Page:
Plans for a £414 million scheme to build a course for one of golf’s most prestigious events in Bolton have been rejected.
The plans – which were drawn up in current form by developers Peel L&P back in 2018, but have been in the works for longer and have been the subject of much local controversy ever since – proposed that a “championship-grade” golf course would be built on the historic Hulton Park site to become a host destination for 2031 Ryder Cup.
As well as the golf course, the wider Hulton Park development looked to become a community hub and was proposed to include a total of 1,036 homes, a primary school, short stay holiday accommodation, a hotel, conference centre, and a village hall.
But all except once Councillor voted against the plans yesterday.
Bolton Council were said to have refused plans for the development expressing concerns around the environment, the impact on green belt land, congestion, and the quality of jobs in the area, while opposition campaigners called it a “housing project in golf clothing”.
Dozens of objections were received by the Council since the plans were first submitted.
Over the course of the three hour meeting yesterday, the committee heard from both supporters and opponents of the plan.
“The golf course devastates a large area of land and brings a thousands plus house and some of the issues if they’re not dealt with at planning level brings more problems to us as Westhoughton people,” said Cllr David Wilkinson, who represents Westhoughton South.
“I’m sorry it’s a vanity project,” he added.
Independent Cllr Martin McMulkin said the plan “is not going to address the levels of deprivation in that part of the borough”, and added that golf is “not and never will be a sport of the working class.”
Cllr Martyn Cox – Leader of Bolton Council – said the plans would “too impactful” on greenspace, while Labour leader Nick Peel said that the council’s lack of “corporate” support for a Ryder Cup bid also undermined the proposal.
Local campaigners against the plans – which notably included Westhoughton-born actress Maxine Peake – also told the planning committee meeting the development would cause significant environmental damage, with protester Phil Wood claiming once the Ryder Cup was over, the developer would build more houses on the land.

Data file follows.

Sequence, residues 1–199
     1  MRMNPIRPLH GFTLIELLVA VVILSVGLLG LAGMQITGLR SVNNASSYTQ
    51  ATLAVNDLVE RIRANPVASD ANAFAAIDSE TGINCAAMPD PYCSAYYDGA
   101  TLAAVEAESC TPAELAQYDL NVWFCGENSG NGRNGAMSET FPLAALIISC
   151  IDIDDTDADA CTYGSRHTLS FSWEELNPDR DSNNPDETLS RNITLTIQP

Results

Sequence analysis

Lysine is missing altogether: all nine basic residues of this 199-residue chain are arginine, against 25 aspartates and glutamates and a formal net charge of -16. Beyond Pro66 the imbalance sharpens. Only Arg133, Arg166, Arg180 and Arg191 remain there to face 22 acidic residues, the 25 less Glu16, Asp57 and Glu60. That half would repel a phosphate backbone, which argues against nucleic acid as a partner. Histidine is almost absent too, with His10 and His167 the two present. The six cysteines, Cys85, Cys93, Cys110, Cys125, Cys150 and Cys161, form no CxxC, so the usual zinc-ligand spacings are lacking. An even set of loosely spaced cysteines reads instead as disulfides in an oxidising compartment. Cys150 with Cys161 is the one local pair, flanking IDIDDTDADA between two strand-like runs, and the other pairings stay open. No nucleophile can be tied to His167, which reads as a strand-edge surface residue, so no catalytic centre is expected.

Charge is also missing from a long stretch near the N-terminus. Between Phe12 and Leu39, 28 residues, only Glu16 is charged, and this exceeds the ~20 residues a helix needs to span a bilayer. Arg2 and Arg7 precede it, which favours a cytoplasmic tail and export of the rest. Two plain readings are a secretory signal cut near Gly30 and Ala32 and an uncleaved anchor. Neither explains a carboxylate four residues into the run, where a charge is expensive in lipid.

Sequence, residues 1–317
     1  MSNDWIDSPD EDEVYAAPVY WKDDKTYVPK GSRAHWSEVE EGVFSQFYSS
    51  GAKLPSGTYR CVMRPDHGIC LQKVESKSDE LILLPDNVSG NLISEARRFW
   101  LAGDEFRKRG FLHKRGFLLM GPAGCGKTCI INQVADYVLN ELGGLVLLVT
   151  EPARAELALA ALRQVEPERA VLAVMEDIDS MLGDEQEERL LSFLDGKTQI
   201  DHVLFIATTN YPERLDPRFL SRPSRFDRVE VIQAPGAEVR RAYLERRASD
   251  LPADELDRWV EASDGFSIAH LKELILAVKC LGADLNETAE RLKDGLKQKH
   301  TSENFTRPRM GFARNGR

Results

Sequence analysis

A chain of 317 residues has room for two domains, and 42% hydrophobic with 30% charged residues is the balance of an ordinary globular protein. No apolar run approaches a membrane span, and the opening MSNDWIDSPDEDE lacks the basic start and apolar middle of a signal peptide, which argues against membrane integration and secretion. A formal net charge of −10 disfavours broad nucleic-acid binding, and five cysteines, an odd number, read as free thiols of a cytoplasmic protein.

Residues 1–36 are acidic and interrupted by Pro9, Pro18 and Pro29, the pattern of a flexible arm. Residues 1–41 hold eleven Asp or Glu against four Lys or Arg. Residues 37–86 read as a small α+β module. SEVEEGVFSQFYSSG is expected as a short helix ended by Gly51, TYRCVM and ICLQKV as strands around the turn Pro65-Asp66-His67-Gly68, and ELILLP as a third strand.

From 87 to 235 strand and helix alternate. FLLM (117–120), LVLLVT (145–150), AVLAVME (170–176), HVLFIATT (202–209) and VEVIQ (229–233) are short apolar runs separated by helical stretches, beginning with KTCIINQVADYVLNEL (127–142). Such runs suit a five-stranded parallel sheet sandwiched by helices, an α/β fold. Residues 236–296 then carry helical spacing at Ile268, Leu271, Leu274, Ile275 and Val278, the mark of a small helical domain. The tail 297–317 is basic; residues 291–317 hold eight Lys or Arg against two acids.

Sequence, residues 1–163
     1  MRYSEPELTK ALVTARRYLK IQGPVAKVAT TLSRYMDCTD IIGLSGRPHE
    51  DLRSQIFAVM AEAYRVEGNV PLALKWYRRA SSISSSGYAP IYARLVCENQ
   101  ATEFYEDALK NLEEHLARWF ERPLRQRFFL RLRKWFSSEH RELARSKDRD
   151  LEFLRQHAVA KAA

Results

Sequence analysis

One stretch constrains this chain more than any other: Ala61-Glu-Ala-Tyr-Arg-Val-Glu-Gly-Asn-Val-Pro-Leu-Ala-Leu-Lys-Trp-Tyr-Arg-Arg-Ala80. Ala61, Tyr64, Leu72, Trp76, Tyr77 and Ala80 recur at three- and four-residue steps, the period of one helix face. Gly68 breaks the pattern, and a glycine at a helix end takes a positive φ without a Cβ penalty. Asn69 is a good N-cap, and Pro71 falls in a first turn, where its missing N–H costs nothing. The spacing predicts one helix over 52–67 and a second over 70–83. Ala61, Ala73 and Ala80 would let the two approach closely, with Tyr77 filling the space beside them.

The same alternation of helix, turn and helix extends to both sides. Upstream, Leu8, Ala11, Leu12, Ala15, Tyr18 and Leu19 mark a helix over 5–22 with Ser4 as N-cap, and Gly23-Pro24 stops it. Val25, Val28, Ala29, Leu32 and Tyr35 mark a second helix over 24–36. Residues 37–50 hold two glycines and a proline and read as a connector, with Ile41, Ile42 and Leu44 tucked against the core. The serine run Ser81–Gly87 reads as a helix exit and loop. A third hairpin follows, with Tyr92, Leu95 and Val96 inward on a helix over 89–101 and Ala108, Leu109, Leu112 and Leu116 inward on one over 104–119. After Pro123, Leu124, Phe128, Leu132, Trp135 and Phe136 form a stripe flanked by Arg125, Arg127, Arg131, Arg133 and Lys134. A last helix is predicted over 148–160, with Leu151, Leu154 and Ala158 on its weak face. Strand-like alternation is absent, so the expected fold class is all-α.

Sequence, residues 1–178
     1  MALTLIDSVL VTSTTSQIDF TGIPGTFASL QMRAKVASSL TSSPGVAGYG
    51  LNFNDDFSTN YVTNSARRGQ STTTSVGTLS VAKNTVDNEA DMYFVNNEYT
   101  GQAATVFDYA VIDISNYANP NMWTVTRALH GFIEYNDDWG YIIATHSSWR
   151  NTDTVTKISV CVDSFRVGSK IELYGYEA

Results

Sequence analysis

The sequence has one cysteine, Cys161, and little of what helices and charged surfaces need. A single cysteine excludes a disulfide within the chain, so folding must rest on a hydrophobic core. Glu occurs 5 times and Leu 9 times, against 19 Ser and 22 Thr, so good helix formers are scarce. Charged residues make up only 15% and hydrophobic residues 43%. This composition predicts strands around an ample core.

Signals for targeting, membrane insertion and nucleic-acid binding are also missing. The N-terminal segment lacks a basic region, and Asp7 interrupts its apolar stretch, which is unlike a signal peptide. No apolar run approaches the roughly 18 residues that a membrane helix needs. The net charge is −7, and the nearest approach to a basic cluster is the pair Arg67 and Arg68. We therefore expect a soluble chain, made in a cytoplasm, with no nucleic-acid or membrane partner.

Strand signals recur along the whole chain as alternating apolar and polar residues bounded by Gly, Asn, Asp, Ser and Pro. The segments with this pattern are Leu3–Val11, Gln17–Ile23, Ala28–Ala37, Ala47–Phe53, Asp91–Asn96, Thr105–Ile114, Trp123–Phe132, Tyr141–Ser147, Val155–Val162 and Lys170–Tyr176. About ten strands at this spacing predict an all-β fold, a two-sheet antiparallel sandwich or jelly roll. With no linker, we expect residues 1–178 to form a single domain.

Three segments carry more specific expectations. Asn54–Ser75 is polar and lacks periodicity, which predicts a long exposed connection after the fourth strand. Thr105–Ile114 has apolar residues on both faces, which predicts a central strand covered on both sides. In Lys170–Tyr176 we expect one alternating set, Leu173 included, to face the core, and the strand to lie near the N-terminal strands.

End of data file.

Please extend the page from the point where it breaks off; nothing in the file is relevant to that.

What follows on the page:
Historian Elaine Taylor too urging councillors to preserve the Grade II-listed Georgian park and its surrounding landscape.
On the flip side, speaking in favour of the development, CBI North West’s Damian Waters said it represented a “once-in a generation opportunity to transform the Bolton economy”, and the University of Bolton’s president Prof George Holmes said it would bring “prosperity to the town and much-needed national and international attention”.
The planning committee also heard from former Ladies European Tour golfer Sophie Walker, who said watching the Ryder Cup in Paris had been the “best sporting experience” of her life, and bringing it to Bolton would “inspire” people to play golf.
Following the rejection of the proposals, Richard Knight – Director of Planning and Strategy at Peel L&P – said Bolton has “quite possibly missed out on the biggest investment in its history”.
He continued: “Bolton Council had approved the previous scheme and encouraged us to make positive changes, but it has done a U-turn at the last hurdle [and] it is hard to comprehend.
“Evidently, very localised opposition has taken priority over the potential benefits for Bolton.
“Since 2018, we have worked hard with local residents and stakeholders in order to adapt our proposals to reflect the community’s aspirations for the site with less homes on greenbelt land and a range of facilities including a new school, health and wellbeing hub public trails and transport improvements.”
Peel L&P now has a right to appeal the decision.
The developer’s appealing of the decision could lead to a public inquiry, with the final say on the project being left to the secretary of state – however, a decision on the host for the 2031 Ryder Cup is expected in July.
Featured Image – Peel L&P